5 Best Dog Breeds for Those With Dementia

Dogs can help people living with dementia, both at home and in the community. From Schnauzers to Cocker Spaniels, certain therapy breeds can be a real source of support to those with dementia.

“Having a dog can be a real boost to anyone’s wellbeing, and it is a wonderful thing to add to your life,” Emma Herring, Senior Brand Manager at Webbox, says. “But having a therapy dog can be particularly excellent for those suffering from dementia. They provide an outlet of social interaction and support, and can bring some renewed confidence to people’s lives, allowing them to maintain their independence and social circles.”

According to the NHS, around an estimated 850,000 people in the UK have dementia, with around 540,000 carers of people with dementia in England alone. While it can be hard to see our loved ones suffer, therapy dogs will help to bring joy, smiles, confidence and emotional support.

Therapy dogs can help with those dementia by:

  • Increasing independence
  • Bringing companionship
  • Sensory stimulation
  • Improving physical health

    Take a look at the dog breeds that are great for those with dementia…

    1. Shih Tzu

    5 Best Dog Breeds for Those With Dementia

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    “Shih Tzus were bred to be companion dogs from the get-go, and they are happiest when living a comfortable indoor life that involves lots of down-time with their owner,” Julie Butcher, Head of Marketing at Webbox, adds

    “Their sociable natures and minimal exercise needs make them ideal for those suffering with dementia, who might be overwhelmed by the demands of a dog that requires lots of daily walks and constant mental stimulation.”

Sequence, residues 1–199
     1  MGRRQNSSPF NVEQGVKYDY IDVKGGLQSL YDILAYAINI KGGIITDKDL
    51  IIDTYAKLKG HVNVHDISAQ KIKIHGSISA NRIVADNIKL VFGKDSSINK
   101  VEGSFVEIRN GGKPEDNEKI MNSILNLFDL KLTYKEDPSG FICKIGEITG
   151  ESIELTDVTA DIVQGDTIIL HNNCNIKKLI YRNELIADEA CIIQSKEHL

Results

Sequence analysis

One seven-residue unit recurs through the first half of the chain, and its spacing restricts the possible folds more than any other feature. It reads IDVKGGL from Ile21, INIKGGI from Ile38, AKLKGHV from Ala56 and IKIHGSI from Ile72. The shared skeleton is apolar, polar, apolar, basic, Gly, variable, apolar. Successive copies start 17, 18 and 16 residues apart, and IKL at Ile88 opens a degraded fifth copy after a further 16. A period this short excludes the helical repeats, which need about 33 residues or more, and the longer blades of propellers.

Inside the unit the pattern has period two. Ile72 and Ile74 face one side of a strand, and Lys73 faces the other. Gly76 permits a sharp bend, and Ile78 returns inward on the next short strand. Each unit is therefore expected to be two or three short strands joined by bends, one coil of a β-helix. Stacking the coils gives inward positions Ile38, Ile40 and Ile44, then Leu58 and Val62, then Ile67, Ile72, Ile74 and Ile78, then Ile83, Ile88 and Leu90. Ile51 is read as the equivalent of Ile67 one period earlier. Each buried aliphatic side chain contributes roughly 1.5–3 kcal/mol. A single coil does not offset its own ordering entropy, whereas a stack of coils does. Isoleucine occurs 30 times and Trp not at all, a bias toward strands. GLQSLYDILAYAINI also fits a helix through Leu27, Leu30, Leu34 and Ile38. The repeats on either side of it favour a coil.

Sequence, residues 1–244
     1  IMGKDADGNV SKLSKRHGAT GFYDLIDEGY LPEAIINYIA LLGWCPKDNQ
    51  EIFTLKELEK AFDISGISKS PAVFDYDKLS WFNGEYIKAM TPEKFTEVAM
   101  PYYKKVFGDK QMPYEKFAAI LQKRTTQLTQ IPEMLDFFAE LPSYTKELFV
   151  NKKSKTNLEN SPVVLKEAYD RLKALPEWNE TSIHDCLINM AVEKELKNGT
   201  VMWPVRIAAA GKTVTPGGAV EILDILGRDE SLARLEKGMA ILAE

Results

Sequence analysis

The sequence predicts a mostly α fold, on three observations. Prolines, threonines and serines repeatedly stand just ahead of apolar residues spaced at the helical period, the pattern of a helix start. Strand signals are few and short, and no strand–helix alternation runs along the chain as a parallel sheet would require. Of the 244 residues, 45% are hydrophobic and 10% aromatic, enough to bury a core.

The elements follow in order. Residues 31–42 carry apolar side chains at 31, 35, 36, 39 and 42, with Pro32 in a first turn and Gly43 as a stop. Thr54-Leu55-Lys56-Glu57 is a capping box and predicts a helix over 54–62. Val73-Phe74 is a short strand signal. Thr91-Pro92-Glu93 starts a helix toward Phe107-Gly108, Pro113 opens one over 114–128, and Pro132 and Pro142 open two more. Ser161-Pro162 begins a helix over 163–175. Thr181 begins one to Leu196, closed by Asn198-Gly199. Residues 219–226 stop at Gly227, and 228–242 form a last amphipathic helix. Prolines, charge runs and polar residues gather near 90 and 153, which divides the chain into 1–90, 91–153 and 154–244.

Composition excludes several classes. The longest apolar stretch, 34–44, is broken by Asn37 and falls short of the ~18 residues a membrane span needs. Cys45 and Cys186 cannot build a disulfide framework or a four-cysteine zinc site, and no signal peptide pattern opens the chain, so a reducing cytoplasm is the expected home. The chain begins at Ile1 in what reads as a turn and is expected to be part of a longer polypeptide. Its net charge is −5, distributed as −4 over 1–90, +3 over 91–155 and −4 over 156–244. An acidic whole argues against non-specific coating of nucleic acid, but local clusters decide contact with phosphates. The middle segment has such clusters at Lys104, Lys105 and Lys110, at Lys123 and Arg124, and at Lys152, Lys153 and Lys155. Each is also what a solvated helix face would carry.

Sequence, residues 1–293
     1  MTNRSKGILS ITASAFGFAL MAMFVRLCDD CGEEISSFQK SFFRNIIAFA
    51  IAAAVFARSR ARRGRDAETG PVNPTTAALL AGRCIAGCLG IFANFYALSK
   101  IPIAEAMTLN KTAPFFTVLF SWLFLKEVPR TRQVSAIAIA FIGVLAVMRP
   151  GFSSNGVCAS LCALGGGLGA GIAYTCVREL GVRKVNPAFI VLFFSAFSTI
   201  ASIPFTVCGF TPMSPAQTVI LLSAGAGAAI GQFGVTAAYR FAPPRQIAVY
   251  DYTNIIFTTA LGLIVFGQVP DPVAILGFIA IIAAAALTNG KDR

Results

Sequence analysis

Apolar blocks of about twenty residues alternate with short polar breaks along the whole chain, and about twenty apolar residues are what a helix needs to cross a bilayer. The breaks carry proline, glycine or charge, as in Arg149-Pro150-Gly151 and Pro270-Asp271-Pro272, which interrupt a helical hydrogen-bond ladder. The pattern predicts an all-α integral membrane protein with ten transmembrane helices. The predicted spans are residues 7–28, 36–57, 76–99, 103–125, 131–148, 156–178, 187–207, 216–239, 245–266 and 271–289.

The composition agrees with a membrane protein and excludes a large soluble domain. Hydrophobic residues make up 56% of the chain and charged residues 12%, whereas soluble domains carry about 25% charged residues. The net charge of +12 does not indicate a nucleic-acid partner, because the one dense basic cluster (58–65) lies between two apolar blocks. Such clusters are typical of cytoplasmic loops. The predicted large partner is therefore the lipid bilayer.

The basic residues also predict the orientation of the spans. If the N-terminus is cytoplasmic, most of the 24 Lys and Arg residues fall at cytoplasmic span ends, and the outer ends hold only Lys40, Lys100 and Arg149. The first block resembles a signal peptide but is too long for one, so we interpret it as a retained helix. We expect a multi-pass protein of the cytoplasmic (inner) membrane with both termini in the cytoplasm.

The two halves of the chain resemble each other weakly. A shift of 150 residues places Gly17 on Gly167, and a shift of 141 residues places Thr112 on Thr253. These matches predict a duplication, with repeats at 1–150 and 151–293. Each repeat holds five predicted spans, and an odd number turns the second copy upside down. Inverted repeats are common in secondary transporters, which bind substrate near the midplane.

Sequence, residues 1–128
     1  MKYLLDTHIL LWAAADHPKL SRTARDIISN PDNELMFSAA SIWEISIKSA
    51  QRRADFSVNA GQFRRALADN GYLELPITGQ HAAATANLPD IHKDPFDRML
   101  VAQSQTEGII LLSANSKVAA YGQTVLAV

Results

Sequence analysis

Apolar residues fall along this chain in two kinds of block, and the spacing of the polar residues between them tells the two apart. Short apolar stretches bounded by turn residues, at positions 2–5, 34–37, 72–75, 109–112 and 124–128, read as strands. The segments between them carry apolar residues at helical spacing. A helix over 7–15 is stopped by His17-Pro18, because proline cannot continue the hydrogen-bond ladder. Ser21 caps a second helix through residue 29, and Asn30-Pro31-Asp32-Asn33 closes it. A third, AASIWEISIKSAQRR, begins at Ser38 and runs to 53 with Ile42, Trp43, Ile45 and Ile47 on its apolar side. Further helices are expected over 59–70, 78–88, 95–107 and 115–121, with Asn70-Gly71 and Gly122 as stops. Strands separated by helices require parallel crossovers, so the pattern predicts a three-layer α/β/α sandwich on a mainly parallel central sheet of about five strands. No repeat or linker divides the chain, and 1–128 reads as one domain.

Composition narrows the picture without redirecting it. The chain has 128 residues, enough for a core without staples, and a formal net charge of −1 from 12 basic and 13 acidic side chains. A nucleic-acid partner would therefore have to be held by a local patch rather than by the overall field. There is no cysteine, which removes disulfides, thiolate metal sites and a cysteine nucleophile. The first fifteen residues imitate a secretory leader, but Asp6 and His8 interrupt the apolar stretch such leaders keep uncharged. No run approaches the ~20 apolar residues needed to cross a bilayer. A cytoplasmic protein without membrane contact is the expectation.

2. Schnauzer


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    “Schnauzers are another ideal choice for people with dementia: they are small, friendly, and enjoy being held and petted for extended periods of time,” adds Julie. “They are also available in a miniature variety, which can be excellent for apartment living or those not used to large dogs. Although they will require some regular grooming as their coats grow long if untrimmed, they are generally fairly easy to care for.”

    3. Pugs


    IzaLysonArts / 500pxGetty Images

    Julie continues: “Another dog breed that enjoys lots of social contact is the Pug. These dogs are happy, small, and can be kept in a flat or less spacious house. They can be lively occasionally, so it’s worth considering this when pairing them with an owner. They will also need some grooming, and they do shed hair.”

    4. Chihuahua

    long haired cream and white chihuahua

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    “Sticking with the small dogs, Chihuahuas are also a potentially ideal fit for dementia sufferers. They are very small, making them easy to handle and keep in any living space, and they are also extremely loyal to their owners.

    “However, you should bear in mind that Chihuahuas can have a lot of energy for a small canine. They can happily get enough exercise from mostly playing indoors, but they might be too demanding for some people with dementia, depending on how much activity and stimulation they are comfortable being around.”

    5. Cocker Spaniel

    cocker spaniel

    sztyon87 / 500pxGetty Images

    “For those interested in acquiring a bigger dog, Cocker Spaniels are a good option. They are in fact a popular support dog for a variety of situations, because of their happy nature — these dogs are also extremely calm, and very affectionate,” Julie continues.

    “Anyone who owns a Cocker Spaniel does need to be aware they will need regular vet check-ups to ensure that they don’t develop the ear infections or eye diseases sometimes associated with the breed. But other than this consideration, these dogs make excellent, loving companions and can really excel as a choice for those with dementia who enjoy the company of bigger dogs, or who enjoy being more active.”

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